Internal Bleeding: How Do Surgeons Prevent Internal Bleeding During Operations?

When any little organ fails to do its job, it causes the entire body discomfort, and only then do we realize how important even the smallest components of our body truly are.

WHAT IF I TOLD YOU THAT; YOU TAKE YOUR BODY FOR GRANTED meme

In those situations, we must head to a doctor, who diagnoses the problem and recommends appropriate treatment. Many minor ailments can be cured by taking medication, but there are many of other conditions that can only be treated when a person undergoes an operation. That’s where surgery comes in!

Surgeons often must access the internal organs of the human body. Furthermore, many problems related to organs like the heart, liver, kidneys and others require the surgeon to actually operate on that particular organ. Since these organs are inside the body, the only way a surgeon can operate on them is by making precise and appropriate cuts on the body and accessing the organ in question.

Making cuts on the body sounds like it would cause a lot of bleeding, right?

Yes, it certainly does!

The question is: how do surgeons control or prevent internal bleeding when they are operating on a patient by cutting open their body?

Surgeons at Work

Surgeons at work! (Photo Credit : SSgt. Derrick C. Goode / Wikimedia Commons)

There are a plethora of surgeries that often result in some or even a large amount of internal bleeding. One of the most basic skills of a good (and safe!) surgeon is the ability to control bleeding while performing an operation. Let’s take a look at some of the most common methods that doctors use to prevent or control bleeding during an operation.

Making cuts in the right spot

A surgeon must know the anatomy of the human body pretty well, and as such, they make cuts along tissue planes where large blood vessels are typically missing. They try to avoid dissecting areas where a lot of bleeding can be expected to begin.

Cauterization

Cauterization is a medical technique that involves burning a part of the body (in this case, small blood vessels) to close off or remove part of them. Also referred to as cautery, this technique helps to control bleeding and damage during surgical procedures, and also offers a few other advantages.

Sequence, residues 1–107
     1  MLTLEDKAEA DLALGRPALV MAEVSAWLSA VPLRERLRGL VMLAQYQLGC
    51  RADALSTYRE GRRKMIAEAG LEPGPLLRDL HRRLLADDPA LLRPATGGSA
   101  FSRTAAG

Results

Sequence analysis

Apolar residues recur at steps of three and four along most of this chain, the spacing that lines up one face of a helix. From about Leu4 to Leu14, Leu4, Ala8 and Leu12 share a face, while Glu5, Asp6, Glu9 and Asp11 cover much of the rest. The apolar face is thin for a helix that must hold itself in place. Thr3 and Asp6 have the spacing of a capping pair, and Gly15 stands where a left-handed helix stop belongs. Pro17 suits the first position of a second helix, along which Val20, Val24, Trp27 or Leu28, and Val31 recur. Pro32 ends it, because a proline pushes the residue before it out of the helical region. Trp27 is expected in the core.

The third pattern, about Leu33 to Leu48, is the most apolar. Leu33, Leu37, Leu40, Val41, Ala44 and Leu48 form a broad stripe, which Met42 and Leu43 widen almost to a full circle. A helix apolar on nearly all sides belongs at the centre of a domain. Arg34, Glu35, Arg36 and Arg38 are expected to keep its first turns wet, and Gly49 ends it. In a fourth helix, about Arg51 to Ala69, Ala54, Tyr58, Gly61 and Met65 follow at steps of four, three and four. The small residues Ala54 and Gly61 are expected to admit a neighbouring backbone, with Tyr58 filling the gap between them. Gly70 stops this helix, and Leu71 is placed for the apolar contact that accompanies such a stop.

Back in the day, when medical science was not as advanced, cautery was widely used to treat wounds, as it was believed to be effective on more than just one level. Not only did it help to prevent excessive blood loss, but it also minimized infections and even closed amputations!

Electrocauter

An electrically-powered cauter. (Photo Credit : SnowBink/Wikimedia Commons)

To control bleeding from small blood vessels, surgeons use electrically-powered cauters that have a high-frequency alternating current that burns the bleeding ends and closes them off.

Clamping

Doctors use clamps of varying sizes on blood vessels to prevent bleeding during surgical procedures. What they do is apply a series of clamps, and then cut between them. Clamping also helps to prevent air from being sucked into the system.

Tying off

Small vessels can be identified and tied off using sutures to prevent internal bleeding. In some cases, they can even be clipped on both sides before they’re cut.

satures

A wound tied off with the help of sutures. (Photo Credit : Olek Remesz/Wikimedia Commons)

Applying pressure

Pressure is applied either manually or through the use of machines to limit the amount of bleeding during an operation. For instance, during a laparoscopy (a technique to look and work inside the stomach), the stomach is filled with carbon dioxide gas to prevent vascular bleeding and oozing.

Using clotting agents

Complicated surgical procedures, especially those involving organs where a lot of blood loss is expected (such as the liver), will often lead to a fair amount of bleeding. Therefore, doctors often apply clotting agents to help promote clotting, which limits the amount of blood loss.

There are a number of other techniques to control blood loss during a surgical procedure, depending on the organ that’s being operated upon, but the ones mentioned above are the most commonly used and do a good job preventing blood loss during surgery.

References

  1. Stanford University
  2. UPMC Children’s Hospital Of Pittsburgh
  3. Hospital For Special Surgery
  4. National Institutes Of Health (NIH) (Link 1)
  5. National Institutes Of Health (NIH) (Link 2)
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About the Author:

Ashish is a Science graduate (Bachelor of Science) from Punjabi University (India). He spends a lot of time watching movies, and an awful lot more time discussing them. He likes Harry Potter and the Avengers, and obsesses over how thoroughly Science dictates every aspect of life… in this universe, at least.

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